If you want my opinion, I think it’s a pretty bad idea calling them ‘flea markets’. What you’re referring to is a loosely regulated Calcutta-style market full of people hawking old stuff they found in the deepest recesses of their garages and attics. When I’m buying something three times my age from a complete stranger, the last thing I want to think about are fleas or any other potential vermin who might have laid eggs in that old ammo box full of glass Coca Cola bottles.
My friends Dylan and Holly – or, put more bluntly, all of my friends – have been cruising LA area flea markets pretty regularly for the past few months, and as I’ve expanded into my own space and developed a more pressing need for décor, I’ve started tagging along.
I don’t really know what it is I’m looking for from a flea market, but whatever it is, I certainly haven’t found it yet. I think I should just resign myself to the fact that flea markets aren’t where I’m going to find a Nazi combat knife* or a first edition workprint from Star Wars with a bunch of heretofore unknown deleted scenes.
*As awesome as it would be to find Nazi war memorabilia at a flea market, I have to stop and wonder what the hell I’d do with it. I don’t know that I’d want to have something with a swastika on it mounted above my TV for all my guests to look at. Check it out, I got Hitler’s knife! Woah, no, calm down, it’s not like I agree with him or anything! I’m basically president of the Jewish people fan club. But still, Nazi stuff, right? It’s like the History Channel on my wall! Don’t tell Israel.
I wouldn’t take most of the stuff that I see at flea markets even if it was free. Turn of the century farm style dressers with fading turquoise paint just don’t make my balls tingle the way they do everybody else’s, I guess. Still, I enjoy going because it gets me thinking about why and how people sell the shit that they sell.
Magazines, for instance – I can see the reasoning behind buying an issue of LIFE magazine from Pearl Harbor or the day of the Kennedy Assassination, but why the hell are so many people trying to sell me issues of TV Guide from 1986? If I want to read a breathless preview for the second season of MacGyver, I’ll do it on the Internet, thank you very much.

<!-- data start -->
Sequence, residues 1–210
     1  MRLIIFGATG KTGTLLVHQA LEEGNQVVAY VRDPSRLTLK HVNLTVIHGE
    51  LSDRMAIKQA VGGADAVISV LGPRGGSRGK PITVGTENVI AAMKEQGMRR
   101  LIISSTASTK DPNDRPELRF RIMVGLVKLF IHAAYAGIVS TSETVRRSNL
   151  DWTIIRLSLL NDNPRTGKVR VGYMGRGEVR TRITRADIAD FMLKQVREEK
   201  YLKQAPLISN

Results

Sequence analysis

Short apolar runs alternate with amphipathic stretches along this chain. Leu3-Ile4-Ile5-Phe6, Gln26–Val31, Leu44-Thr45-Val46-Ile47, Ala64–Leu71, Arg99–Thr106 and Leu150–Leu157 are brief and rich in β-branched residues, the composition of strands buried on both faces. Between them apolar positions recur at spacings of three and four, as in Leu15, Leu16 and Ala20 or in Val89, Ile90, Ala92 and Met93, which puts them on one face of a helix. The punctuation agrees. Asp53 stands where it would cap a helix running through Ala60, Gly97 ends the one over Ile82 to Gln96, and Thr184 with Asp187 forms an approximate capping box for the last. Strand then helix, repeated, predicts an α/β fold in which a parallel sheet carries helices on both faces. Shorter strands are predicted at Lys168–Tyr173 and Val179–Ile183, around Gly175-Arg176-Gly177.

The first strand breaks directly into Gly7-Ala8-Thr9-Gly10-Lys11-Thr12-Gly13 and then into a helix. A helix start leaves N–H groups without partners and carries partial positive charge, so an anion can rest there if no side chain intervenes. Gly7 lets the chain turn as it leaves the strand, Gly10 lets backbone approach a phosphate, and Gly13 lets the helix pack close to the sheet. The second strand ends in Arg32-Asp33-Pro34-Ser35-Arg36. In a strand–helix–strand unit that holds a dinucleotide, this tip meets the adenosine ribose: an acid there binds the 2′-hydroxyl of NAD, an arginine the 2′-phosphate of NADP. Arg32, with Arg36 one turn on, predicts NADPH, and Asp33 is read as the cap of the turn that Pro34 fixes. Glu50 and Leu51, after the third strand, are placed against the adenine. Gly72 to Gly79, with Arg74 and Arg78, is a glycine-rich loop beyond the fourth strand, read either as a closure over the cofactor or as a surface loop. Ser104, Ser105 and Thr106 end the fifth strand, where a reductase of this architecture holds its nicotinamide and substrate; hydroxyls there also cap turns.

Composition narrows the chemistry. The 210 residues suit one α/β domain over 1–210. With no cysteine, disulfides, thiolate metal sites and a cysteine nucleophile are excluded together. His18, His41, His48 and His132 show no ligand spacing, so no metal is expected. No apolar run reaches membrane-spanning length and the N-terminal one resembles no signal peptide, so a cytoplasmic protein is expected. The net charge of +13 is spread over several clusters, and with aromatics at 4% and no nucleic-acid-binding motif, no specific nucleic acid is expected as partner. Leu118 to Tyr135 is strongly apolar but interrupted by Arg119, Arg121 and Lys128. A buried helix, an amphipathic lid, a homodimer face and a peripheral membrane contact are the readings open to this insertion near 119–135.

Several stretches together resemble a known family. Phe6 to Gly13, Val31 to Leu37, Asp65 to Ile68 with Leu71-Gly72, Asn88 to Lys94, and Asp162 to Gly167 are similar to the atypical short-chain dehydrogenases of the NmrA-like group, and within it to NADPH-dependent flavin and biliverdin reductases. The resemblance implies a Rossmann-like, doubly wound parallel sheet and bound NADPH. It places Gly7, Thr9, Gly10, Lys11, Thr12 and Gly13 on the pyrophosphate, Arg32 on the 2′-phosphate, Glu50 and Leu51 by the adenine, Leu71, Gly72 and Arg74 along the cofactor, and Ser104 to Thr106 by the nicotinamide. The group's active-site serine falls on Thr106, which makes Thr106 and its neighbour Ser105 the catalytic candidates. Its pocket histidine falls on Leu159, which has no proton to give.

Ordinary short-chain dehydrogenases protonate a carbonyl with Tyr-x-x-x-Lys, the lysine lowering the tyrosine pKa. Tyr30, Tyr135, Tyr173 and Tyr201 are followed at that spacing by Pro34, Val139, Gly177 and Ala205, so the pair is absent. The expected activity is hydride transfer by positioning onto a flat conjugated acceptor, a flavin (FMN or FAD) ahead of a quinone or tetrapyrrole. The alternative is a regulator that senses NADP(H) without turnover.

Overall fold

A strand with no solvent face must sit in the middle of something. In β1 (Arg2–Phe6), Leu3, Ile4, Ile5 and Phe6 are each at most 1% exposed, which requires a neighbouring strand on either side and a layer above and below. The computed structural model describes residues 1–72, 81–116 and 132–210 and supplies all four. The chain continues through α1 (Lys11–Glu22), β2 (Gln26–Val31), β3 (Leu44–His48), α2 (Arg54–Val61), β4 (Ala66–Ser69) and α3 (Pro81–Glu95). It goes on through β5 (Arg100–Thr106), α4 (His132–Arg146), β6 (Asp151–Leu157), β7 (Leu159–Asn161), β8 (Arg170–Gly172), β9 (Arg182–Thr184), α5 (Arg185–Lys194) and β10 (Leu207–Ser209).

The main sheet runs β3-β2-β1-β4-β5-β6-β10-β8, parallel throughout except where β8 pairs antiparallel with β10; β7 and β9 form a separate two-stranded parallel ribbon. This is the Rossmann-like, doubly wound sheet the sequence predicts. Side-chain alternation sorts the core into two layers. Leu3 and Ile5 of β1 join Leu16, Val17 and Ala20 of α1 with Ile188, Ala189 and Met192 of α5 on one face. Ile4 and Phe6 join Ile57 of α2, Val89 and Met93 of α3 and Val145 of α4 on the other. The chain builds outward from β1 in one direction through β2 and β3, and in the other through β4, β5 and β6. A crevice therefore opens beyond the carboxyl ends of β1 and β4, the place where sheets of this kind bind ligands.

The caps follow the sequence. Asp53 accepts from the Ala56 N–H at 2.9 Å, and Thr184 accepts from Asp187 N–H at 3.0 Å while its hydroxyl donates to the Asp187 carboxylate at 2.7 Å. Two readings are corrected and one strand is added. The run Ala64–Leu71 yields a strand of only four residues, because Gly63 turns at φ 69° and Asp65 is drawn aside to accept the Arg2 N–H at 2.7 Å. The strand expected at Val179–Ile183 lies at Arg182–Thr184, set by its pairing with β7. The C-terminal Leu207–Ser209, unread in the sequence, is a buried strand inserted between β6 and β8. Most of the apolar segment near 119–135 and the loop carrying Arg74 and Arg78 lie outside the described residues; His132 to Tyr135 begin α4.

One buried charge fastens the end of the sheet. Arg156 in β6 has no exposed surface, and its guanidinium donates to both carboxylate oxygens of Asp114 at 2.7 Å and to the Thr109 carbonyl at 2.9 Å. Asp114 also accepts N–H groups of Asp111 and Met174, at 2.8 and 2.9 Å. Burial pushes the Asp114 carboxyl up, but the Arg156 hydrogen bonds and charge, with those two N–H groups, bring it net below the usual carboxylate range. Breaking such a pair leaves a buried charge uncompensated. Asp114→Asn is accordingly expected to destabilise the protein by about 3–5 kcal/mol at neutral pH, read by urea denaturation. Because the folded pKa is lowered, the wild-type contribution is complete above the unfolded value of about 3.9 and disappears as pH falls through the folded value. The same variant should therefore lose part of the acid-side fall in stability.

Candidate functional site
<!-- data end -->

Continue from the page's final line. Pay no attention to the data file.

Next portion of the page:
Or the beads and jewelry! I’m not quite sure how one person selling homemade bead necklaces can set up shop next door to another person selling identical homemade bead necklaces and yet somehow the two of them both turn a profit. I mean, how are you competitive at that point? What do your bead necklaces offer that the other bead necklaces don’t have?
Colored glass dishes are the best example, though. If you want to know why, Google for your nearest flea market and go there. I don’t care where in the country you live - you’re going to spend most of your time walking past card table after card table loaded with glass dishes of all shapes, sizes, and colors, the likes of which your grandmother used to store hard candies in.
What aspect of American life in the 1930s and 40s necessitated the production quintillions of colorful little glass dishes? Was there just more little shit to keep track of back then? Did they pay day laborers in tiny ball bearings during the Great Depression? Or was it just a cultural thing that’s gone by the wayside now – was a little blue dish where you kept all your favorite racist newspaper cartoons and nasty unsent letters to Herbert Hoover?
In the 21st century, demand is definitely not keeping up with supply – I imagine that’s why everybody seems to have a few crates of these dishes to get rid of and why you ever see anybody buying them. I mean, I see people buying lots of weird shit at flea markets, but so far I haven’t seen any soccer moms haggling over a little orange glass dish.
”Wow, this just really speaks to me, y’know? This dish would finally make my house a home. It’s really sort of an emergency, too – I’ve got so much hard candy just lying around, but nothing to put it in! Are you sure you can’t go below $1.50 for this?”
On rare occasions, though, I do find things that I like. Today I bought some old movie posters for Chinatown and The Shining - because no living space is complete without a young Jack Nicholson leering at you from two different locations – and at the truly gargantuan Rose Bowl Flea Market in Pasadena I stumbled upon a number of mid-century couches and chairs in one sun baked corner of the parking lot that really knocked my socks off.
Of course, I didn’t buy any of the couches or chairs – some of them cost upwards of $700, and who the hell takes $700 in cash to a flea market, along with a truck big enough to lug a couch home? Complications like these limit my flea market purchases to anything less than $40 and small enough to fit in my car, and most flea market items that meet those benchmarks are either creepy old dolls or colorful glass dishes.
I wonder what flea markets are going to look like in 75 years, when all the things we hold dear are just clutter in our grandchildrens’ basements that they’re desperately trying to pawn off on the antique crowd. I can only imagine that the smartass bloggers of the future are going to be bitching about how every table at every flea market is loaded with dusty old flash drives and iPod Nanos.
Truman Capps would browse more stuff if the damn vendors would quit desperately trying to talk him into a purchase.